Employment Law Wrap Up – A Review of 2016

January 09, 2017  |   Posted by :   |   Uncategorized,YPHR Blog

Last year was a busy year in the areas of Human Resources and Employment Law.  Here is a brief summary of some of the recent changes in both Ohio and Federal employment laws in 2016.  scales-36417_640

December 19, 2016:

Governor Kasich signed a bill restricting Ohio’s municipalities from establishing minimum wage requirements that exceed the State’s minimum wage.  This is in direct response to the effort to raise Cleveland’s minimum wage to $15/hour, and similar efforts in other cities.  While this could be subject to legal challenge, for now it effectively kills the $15/hour movement in Ohio.

December 1, 2016:

OSHA’s new rules regarding post-accident/injury drug tests, safety incentive programs and reasonable injury reporting procedures went into effect.  These rules limit employers’ rights to have across-the-board post-accident/injury drug tests.  Instead, tests should only be conducted where there is a reasonable belief that drug use contributed to the injury.

Action Needed:  Update your drug test policy and reporting structures in accordance to the new rules, review safety incentive programs.

November 22, 2016:

New overtime salary test is halted.  The new rules, which would have gone into effect on December 1, 2016, would have raised the “salary test” for exempt employees to $47,476.  The ruling is temporary, pending a full hearing and final decision (which would be subject to appeal).  The rule may also be revoked or revised by the new Administration in January.

September, 2016:

marijuanaOhio’s medical marijuana law went into effect.  Under this law, doctors will be able to prescribe marijuana to individuals within the state who have been diagnosed with certain medical conditions or diseases.  However, employers may still consider marijuana use – even if for medical purposes – a violation of the company’s drug policies.  Applicants can still be denied employment based upon a positive drug test, and employers may discipline or terminate employees who test positive for marijuana on company drug tests, including post-accident/injury or reasonable suspicion tests, even if they have a legal prescription to use it.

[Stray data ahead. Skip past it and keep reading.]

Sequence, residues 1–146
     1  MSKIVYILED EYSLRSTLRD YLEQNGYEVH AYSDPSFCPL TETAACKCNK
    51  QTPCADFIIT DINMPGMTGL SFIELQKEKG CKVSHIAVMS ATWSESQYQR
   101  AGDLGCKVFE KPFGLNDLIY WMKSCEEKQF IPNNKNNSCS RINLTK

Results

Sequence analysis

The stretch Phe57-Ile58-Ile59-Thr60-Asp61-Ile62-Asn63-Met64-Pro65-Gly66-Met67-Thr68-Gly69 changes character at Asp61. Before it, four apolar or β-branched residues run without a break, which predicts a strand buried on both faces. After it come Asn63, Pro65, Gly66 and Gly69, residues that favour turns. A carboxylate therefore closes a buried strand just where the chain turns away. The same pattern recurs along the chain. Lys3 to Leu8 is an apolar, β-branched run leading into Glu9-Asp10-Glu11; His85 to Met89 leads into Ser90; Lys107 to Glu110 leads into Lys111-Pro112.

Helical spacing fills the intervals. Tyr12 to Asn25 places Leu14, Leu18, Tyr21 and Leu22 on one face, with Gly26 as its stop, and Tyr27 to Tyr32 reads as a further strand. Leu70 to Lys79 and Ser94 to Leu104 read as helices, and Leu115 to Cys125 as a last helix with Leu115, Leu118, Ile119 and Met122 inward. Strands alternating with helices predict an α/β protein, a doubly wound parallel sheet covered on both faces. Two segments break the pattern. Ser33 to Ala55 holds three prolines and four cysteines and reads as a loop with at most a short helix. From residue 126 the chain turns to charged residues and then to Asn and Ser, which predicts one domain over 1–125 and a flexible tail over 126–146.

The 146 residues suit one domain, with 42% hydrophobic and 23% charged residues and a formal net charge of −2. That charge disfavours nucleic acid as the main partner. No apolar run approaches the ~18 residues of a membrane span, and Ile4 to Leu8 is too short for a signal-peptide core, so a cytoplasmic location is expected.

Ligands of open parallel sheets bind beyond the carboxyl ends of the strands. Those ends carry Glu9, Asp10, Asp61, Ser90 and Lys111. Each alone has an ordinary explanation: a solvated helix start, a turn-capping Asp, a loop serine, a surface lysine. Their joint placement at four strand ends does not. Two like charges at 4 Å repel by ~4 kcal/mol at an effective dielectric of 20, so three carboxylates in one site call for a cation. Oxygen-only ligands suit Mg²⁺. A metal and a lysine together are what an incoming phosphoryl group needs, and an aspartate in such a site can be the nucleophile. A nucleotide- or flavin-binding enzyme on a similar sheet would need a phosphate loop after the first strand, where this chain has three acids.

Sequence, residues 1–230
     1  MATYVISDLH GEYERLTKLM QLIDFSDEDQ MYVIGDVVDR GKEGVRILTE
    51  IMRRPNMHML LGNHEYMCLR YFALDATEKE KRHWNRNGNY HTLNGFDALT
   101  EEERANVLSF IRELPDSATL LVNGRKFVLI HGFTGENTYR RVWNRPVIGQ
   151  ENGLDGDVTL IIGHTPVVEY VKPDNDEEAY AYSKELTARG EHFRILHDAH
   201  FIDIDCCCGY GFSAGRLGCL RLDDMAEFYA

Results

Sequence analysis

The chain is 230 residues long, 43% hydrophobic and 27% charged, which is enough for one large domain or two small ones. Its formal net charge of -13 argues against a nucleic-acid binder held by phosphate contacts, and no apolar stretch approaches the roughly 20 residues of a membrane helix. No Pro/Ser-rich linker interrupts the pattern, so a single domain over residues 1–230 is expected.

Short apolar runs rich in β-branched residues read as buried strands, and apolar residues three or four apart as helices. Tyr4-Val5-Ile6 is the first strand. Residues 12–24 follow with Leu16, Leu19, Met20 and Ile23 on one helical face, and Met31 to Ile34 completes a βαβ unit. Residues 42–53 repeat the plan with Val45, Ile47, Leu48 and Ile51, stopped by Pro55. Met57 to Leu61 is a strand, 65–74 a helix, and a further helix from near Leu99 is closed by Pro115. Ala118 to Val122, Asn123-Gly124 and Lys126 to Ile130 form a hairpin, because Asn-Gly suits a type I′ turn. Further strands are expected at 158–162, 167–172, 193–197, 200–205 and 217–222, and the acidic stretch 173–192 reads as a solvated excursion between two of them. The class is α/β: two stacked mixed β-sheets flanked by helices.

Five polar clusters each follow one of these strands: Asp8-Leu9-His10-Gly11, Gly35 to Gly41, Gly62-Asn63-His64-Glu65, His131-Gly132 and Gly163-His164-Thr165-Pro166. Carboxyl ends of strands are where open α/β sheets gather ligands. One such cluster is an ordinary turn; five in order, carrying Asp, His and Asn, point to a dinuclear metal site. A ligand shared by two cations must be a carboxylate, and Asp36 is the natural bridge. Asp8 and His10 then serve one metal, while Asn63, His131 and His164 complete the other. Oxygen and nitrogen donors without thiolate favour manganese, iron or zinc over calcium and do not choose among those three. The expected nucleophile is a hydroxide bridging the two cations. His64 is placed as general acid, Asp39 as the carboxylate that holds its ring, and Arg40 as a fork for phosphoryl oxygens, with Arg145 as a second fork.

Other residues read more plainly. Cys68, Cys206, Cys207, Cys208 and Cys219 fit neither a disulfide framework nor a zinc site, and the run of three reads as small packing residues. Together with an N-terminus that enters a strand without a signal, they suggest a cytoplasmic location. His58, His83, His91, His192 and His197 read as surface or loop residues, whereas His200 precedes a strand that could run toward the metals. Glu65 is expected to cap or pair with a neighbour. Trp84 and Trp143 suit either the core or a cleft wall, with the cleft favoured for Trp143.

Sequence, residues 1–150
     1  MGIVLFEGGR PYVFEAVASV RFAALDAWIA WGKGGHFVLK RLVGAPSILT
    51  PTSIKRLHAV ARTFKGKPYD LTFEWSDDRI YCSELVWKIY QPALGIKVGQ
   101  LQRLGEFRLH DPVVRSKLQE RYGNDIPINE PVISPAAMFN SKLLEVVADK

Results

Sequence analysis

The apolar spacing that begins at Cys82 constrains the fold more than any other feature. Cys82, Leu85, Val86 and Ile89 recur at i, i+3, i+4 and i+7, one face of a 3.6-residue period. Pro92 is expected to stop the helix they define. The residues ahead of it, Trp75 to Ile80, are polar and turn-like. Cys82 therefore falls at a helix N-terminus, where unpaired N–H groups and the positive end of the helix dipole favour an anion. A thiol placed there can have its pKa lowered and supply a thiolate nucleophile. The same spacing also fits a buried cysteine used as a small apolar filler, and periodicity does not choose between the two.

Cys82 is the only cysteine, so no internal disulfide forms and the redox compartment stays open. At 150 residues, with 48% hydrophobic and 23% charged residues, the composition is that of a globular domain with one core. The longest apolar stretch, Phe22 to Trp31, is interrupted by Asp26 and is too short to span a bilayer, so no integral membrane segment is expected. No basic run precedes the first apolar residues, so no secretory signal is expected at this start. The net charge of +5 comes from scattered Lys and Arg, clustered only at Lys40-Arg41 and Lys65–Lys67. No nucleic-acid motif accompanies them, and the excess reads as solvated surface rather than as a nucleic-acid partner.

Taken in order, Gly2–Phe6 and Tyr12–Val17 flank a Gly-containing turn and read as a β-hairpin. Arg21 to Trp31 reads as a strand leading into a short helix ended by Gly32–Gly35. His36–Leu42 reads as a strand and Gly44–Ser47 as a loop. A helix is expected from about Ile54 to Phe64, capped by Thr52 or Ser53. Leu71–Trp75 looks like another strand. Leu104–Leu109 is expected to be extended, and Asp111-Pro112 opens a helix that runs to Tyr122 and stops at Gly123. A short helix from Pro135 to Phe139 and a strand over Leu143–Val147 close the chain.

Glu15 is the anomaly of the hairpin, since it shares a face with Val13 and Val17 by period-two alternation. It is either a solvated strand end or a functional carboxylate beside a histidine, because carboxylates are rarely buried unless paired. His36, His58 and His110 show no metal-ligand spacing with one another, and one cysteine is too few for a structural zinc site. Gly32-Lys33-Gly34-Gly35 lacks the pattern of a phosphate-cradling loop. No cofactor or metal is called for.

Action Needed:  Update your drug test policy to put employees on notice that a prescription for medical marijuana does not exempt them from these rules.  

Additional information:

Medical Marijuana Impact on Ohio BWC – bwc.ohio.gov

 

2017:

Ohio’s “Guns in Trunks” Law

A new law signed by Governor Kasich on December 19, 2016, prohibits employers from having policies that prevent employees from keeping guns in their cars, even when the car is parked on company property.  Guns must be kept in an enclosed compartment or container, and this only applies to persons with concealed carry licenses.  The law goes into effect on March 17, 2017.  Employers with “no weapons” policies will need to update their employee handbooks.

Employment form and posters:

Ohio’s minimum wage changes January 1, 2017 to $8.15.  Download the new poster here:

http://www.com.ohio.gov/documents/dico_2017MinimumWageposter.pdf

I-9 Forms changes go into effect January 22, 2017.  Form I-9 is used for verifying the identity and employment authorization of individuals hired for employment in the United States. All U.S. employers must ensure proper completion of Form I-9 for each individual they hire for employment in the United States. This includes citizens and noncitizens.  Download the new forms here:

Form I-9 (PDF, 535 KB)

Form I-9 Paper Version (This version is unfillable and must be printed for completion on paper only.) (PDF, 73 KB)

Form I-9 in Spanish (May be filled out by employers and employees in Puerto Rico ONLY) (PDF, 421 KB)

 

If you have any questions regarding any of these issues how it impacts your business and employees, please contact, Your Partner In HR’s Legal Advisor,  Jennifer Corso or visit www.yourpartnerinhr.com to learn more about our services. 


Related Posts